Sharon Jessup Joyce
No, I haven’t fallen into the sin of arrogance. This post’s title refers to the search for the ultimate burger, not a claim that I’ve created it. For someone who doesn’t eat a lot of meat, I’ve enjoyed plenty of burgers, mostly beef, but sometimes vegetarian, chicken or fish (Halifax’s 2 Doors Down should take a bow for the best haddock burger ever, by the way). So I decided I wanted to create a beef burger in the spirit of the gourmet burger many restaurants brag about, with house-ground meat and house-made bun and sauces. I often make homemade hamburger buns and always make homemade ketchup and BBQ sauces, so we knew the potential there. The question was whether grinding the beef at home would help take our burger to the next level.
The obvious first step was choosing the right cut. I know fatty cuts are more flavourful, but they upset my finicky digestion; Bob and Adrian have also become accustomed to leaner cuts. I arrived at our butcher shop assuming I’d pick up sirloin. But Trevor spontanously offered me a great deal on a small and awkwardly-shaped ribless prime rib beef roast. The meat looked beautiful and the price was too good to pass up. So that was the beef taken care of. I figured I could always compensate for the higher-fat cut by making smaller patties.
At the market, I bought three varities of new onions, which I planned to caramelize with maple sugar. We already had some Cabot cheddar on hand, as well as homemade chipotle tomato ketchup from last fall’s preserving. (I’ll post that recipe in a few weeks, if anyone is interested.)
I decided to trim most of the fat from the beef and then add back some fat with olive oil. I know that sounds weird, but the results were delicious. After ruthless trimming, we had just under one kilogram of meat (see photo). I added 1-1/2 tablespoons olive oil, 2 teaspoons sea salt and 1 teaspoon fresh ground pepper. We ended up with seven 140-gram (five-ounce) patties.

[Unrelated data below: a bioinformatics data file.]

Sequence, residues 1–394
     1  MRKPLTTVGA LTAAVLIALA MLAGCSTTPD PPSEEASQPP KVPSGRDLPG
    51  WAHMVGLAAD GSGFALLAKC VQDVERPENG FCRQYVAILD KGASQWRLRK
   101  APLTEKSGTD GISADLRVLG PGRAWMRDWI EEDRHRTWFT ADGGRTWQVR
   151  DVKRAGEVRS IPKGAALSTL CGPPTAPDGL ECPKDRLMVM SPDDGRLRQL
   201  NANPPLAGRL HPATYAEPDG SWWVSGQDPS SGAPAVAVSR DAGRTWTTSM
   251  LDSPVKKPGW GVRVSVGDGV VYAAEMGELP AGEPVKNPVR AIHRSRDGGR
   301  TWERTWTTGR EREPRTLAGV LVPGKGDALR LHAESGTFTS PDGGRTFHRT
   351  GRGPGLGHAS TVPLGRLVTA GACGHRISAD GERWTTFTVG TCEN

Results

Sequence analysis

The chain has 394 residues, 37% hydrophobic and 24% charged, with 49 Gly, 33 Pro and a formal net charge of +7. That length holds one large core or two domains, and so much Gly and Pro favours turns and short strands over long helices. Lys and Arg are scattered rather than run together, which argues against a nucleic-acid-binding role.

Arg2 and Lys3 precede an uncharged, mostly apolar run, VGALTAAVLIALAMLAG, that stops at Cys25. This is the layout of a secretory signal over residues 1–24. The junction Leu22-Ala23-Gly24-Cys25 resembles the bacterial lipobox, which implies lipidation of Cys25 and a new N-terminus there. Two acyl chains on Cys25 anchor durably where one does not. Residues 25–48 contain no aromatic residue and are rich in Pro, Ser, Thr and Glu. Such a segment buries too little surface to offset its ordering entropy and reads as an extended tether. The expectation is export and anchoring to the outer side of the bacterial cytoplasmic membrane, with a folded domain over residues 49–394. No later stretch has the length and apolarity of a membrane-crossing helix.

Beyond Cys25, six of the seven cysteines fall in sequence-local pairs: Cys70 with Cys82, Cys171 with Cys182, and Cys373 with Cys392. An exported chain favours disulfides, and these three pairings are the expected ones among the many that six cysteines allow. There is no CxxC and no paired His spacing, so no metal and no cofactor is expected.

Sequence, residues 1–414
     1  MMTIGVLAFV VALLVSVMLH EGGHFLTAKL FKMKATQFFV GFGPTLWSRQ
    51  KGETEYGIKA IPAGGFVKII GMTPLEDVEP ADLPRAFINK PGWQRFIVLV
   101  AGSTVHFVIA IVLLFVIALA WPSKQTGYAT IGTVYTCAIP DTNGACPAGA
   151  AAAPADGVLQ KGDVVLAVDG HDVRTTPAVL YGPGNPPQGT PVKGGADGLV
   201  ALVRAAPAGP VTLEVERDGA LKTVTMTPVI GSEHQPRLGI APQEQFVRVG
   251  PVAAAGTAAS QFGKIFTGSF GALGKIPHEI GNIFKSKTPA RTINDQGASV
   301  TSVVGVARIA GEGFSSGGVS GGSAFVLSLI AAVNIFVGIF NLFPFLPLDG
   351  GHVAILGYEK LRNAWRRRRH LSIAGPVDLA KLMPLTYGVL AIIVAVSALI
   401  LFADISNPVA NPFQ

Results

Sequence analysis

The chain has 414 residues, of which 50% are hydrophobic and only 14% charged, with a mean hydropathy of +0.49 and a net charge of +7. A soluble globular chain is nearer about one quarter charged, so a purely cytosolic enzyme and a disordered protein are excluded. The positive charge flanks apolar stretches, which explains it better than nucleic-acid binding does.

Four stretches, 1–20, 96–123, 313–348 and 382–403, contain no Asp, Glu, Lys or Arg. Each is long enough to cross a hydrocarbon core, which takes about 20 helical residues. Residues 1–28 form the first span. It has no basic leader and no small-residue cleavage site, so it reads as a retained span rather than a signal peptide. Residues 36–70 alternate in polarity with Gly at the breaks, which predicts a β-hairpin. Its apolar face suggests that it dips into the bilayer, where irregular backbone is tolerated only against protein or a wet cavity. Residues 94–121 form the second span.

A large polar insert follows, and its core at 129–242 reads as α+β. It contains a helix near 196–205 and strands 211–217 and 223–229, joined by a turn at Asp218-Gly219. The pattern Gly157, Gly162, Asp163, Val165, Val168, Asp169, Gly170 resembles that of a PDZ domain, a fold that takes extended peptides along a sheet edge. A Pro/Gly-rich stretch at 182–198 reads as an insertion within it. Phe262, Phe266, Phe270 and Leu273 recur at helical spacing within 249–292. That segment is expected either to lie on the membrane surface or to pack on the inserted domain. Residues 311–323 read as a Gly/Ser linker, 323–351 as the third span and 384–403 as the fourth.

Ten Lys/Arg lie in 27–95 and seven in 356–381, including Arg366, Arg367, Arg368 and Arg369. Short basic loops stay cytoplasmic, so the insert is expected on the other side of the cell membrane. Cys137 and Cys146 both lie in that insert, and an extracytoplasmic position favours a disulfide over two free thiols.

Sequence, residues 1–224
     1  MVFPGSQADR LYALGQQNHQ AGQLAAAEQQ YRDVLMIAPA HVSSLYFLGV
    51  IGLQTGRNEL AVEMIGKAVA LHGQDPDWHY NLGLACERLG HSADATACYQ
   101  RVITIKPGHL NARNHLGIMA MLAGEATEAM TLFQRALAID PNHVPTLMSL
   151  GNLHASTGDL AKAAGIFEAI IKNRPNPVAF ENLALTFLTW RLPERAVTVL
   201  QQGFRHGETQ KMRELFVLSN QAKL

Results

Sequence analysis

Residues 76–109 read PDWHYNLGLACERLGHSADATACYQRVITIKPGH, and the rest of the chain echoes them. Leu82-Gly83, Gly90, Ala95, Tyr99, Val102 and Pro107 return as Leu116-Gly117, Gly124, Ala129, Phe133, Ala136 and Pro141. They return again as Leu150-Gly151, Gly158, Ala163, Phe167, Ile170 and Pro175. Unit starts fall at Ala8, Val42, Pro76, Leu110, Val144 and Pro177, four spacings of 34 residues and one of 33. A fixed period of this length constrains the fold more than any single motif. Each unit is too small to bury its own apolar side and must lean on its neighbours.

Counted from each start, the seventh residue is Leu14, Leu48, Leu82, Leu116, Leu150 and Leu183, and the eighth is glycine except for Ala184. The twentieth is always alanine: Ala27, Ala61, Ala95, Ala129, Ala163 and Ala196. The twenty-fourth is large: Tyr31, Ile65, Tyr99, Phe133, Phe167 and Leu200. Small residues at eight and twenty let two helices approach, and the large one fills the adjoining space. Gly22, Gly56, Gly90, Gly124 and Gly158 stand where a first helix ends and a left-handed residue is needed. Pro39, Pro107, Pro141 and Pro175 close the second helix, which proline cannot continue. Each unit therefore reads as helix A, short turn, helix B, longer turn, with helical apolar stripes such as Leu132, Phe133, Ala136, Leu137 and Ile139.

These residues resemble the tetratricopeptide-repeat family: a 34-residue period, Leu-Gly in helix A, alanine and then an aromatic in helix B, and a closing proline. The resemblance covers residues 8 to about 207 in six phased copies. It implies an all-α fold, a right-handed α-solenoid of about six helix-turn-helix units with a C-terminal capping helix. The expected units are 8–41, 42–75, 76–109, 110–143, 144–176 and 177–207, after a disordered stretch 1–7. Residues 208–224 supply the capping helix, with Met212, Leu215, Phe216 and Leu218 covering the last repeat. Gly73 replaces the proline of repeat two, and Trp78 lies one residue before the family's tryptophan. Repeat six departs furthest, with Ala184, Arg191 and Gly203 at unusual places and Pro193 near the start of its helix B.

I sauteed the onions in some olive oil, salt, maple sugar and a bit of leftover red wine.
A favourite homemade hamburger bun at our house is honey-oat, but I wanted to limit the number of flavours, so I decided to make maple-oat hamburger buns to reinforce the maple flavour in the onions.
We kept the finished burgers simple, with a mix of extra old and chipotle Cabot cheddar melted on the bun, and caramelized maple onions and homemade chipotle ketchup on the meat patty.
Grinding the meat ourselves just before cooking really did make a difference. I won’t claim this was The Ultimate Burger, but it may have been the best-tasting burger I’ve ever made. Now we just need to find the perfect craft beer to go with it.
Maple-oat hamburger buns
- 1-1/2 cups ground oatmeal
- 2-1/2 cups flour of your choice (I usually use a roughly equal proportion of King Arthur bread flour, Five Roses unbleached all-purpose flour, and Five Roses whole wheat flour)
- 1 egg
- 1/3 cup buttermilk
- 2/3 cup warm water
- 2 tablespoons oil or melted butter
- 1/4 cup honey or maple syrup
- 2 teaspoons sea salt
- 2-1/4 teaspoons yeast
This recipe is for a bread machine, but you can make it by hand. Here’s a great blog that gives easy steps for converting bread machine recipes to by-hand or mixer versions:
- Grind oat flakes in a coffee grinder until they have the consistency of a fine flour.
- Mix oat flour and other flour(s) and salt together.
- Beat egg into buttermilk and add warm water and maple syrup or honey.
- Put wet ingredients into bread machine case.
- Sprinkle dry ingredients (except yeast) over liquid ingredients.
- Spoon yeast on top of dry ingredients.
- Use dough setting on bread machine.
- Once the dough setting is finished, shape the buns. Use about 70 grams of dough per bun. Roll dough into a round ball, then flatten it very ruthlessly (see photo, above).
- Leave, lightly covered, in a warm place until buns almost double in size.
- Cook in a 375 F oven for about 15 minutes.
|Sharon divides her time between Kingston, Ontario and St Margaret Bay, NS, and has enjoyed some splendid burgers in both spots.|
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